Who has benefited most from $16.7 billion worth of war on terror spending over the last decade?

Let’s start outside the Defence portfolio. The big spending outside Defence has been in the Australian Federal Police, ASIO and DFAT. DFAT’s expenditure on improving physical security at its embassies — hundreds of millions of dollars — has primarily gone to building contractors and security firms overseas. But the additional spending for ASIO and the AFP – and agencies like Customs that received over $600 million — has gone on additional staff.

In a huge boost for bureaucratic empire builders, the AFP has expanded from 2851 staff in 2001 to over 6700 in 2010; ASIO has increased even more, from 584 to 1692.

One of the biggest beneficiaries of this increase in staff — part of a significant, government-wide expansion in the public service under the Howard government — are commercial property owners, particularly in Canberra. ASIO is in the final stages of building a vast new headquarters but has until now had to squeeze its additional staff into buildings in the Defence precinct at Russell in Canberra, expanding demand for floorspace in Canberra along with every other expanding department and agency.

The rise in demand for floor space has driven a big increase in commercial property accommodation in Canberra in recent years – in 2010 alone there was an 8% increase in the total stock of office floorspace in Canberra as developers responded to rising demand from valuable government tenants.

We noted yesterday the bulk of war on terror spending has been in the Defence portfolio, and most of that relates to the Iraq and Afghanistan attacks and ensuing occupations. Of those, our Afghanistan role has been far more costly — $6.1 billion so far, and more billions to come over the coming years.

Plainly the expense of outfitting and equipping our 1500-plus troops in Afghanistan is a key cost, with local and foreign defence industries the prime beneficiaries. For example, Defence has ordered a total of nearly 840 Bushmaster vehicles, manufactured by Thales at its Bendigo facility, in recent years, including a new order in May for a further 101 vehicles for use in the Middle East, costing $133 million.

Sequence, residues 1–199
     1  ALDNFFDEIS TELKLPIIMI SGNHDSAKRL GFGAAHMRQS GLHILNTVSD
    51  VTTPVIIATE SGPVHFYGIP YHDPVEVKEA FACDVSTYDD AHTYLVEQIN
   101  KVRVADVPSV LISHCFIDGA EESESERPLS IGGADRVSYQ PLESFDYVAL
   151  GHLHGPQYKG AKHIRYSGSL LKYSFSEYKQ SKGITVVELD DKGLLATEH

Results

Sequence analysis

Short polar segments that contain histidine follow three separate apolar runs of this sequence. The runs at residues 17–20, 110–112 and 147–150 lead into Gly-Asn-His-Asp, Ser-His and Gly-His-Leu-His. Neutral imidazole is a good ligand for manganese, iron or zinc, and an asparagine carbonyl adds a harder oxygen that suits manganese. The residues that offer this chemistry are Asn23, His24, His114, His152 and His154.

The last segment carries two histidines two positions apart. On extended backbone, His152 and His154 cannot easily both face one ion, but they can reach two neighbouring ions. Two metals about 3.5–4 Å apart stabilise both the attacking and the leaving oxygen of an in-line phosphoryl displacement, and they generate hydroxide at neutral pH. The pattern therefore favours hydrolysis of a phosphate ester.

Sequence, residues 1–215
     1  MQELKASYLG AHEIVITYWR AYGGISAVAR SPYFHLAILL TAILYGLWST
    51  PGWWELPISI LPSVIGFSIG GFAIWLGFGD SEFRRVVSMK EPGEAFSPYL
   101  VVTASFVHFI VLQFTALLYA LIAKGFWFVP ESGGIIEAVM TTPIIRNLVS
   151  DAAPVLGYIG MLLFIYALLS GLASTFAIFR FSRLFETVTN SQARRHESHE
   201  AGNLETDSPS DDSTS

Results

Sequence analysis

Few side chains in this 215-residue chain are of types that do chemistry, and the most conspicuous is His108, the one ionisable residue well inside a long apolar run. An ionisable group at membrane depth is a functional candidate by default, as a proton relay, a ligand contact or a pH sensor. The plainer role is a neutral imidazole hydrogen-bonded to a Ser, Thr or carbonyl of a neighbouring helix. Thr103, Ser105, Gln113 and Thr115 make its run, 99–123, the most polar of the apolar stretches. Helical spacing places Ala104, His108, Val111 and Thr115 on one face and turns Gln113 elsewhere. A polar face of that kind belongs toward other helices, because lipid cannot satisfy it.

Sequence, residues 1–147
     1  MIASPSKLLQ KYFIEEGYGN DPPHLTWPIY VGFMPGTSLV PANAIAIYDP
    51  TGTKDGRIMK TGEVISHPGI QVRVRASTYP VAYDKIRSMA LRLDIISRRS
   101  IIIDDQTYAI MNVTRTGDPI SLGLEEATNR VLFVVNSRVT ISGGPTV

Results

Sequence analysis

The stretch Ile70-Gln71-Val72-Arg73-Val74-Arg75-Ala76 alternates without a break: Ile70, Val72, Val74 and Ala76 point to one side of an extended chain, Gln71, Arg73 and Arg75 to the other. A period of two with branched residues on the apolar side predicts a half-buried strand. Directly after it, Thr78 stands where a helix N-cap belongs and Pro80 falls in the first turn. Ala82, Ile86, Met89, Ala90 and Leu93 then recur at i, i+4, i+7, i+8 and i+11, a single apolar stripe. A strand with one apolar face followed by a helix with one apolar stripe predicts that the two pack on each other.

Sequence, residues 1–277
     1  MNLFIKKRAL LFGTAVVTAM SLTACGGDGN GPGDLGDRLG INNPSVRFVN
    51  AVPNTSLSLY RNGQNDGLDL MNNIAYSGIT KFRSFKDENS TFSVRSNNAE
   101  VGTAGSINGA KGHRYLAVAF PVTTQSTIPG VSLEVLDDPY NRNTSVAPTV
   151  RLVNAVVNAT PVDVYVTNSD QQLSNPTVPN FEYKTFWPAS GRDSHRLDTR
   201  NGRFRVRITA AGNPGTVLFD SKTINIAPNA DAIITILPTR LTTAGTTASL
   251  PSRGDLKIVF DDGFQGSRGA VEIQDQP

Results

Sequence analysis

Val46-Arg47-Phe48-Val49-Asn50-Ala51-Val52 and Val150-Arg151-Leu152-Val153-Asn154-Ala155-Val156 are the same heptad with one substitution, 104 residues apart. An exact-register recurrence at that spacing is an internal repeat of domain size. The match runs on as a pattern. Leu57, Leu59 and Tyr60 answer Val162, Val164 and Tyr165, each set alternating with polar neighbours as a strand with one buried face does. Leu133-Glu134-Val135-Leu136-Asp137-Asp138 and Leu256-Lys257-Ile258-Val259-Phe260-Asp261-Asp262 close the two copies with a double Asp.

Numbers on a precise distribution of costings for Australia’s role in Afghanistan are hard to come by publicly, and given Defence’s long history of being unable to keep track of assets, might be hard to believe if they existed. But one of the largest costs must be fuel.

Studies of the cost of keeping US troops in Afghanistan have offered various costs per soldier, ranging up to US$1 million per soldier year. The biggest component of that cost is fuel — estimated to cost over US$350,000 per year for every soldier. Western forces are heavily reliant on fuel to stay mobile and provide power, and transporting fuel into Afghanistan and then distributing it within the country consumes further fuel (at a ratio, one estimate suggests, of seven litres for every litre consumed). It also costs allied lives trying to protect fuel convoys.

The ADF role in Afghanistan is quite different to that of the Americans, and we don’t support a large fleet of helicopters, so Australian fuel costs would certainly be much lower than the 35% of total costs suggested by US figures. But at even 10%, rather than 35%, of total costs, we would have spent at least $600m in fuel while in Afghanistan.

The obvious beneficiaries of that spending are oil producers. This creates the intriguing outcome that the campaign in Afghanistan to fight Islamic terrorism is pumping hundreds of millions of Australian dollars, and billions of US dollars and pounds sterling, into the economies of Saudi Arabia and other Gulf States that, as a Wikileaks cable revealed in December, are still regarded by the US State Department as the key sources of private funding for al Qaeda. That’s on top of propping up some of the worst human rights abusers in the region (the justification of fighting the Taliban because of their attitude to women is rather undermined given Saudi Arabia is currently arresting women for “driving while female”).

This isn’t the first instance of counter-productive war on terror spending. As no less than AFP chief Mick Keelty stated in March 2004, Australia’s involvement in the Iraq war increased the likelihood of Australians being targeted by terrorists. Alexander Downer, Arthur Sinodinos and others tried to discredit Keelty’s judgement at the time, and Keelty tried to back away from his comments, but he has since been vindicated: last year the former head of MI5 said she’d reached a similar conclusion about the UK. And former Defence Chief Peter Cosgrove, who join in the attack on Keelty in 2004, changed his mind and apologised to Keelty in 2006, saying it was “pretty obvious” the Iraq war had energized the jihadi movement.

The cost of energizing Islamic terrorism and increasing the risk of terrorist attacks on Australians to taxpayers was around $2.4b, unindexed.

Next week: how to calculate whether we’ve got value for money from our war on terror billions.

Peter Fray

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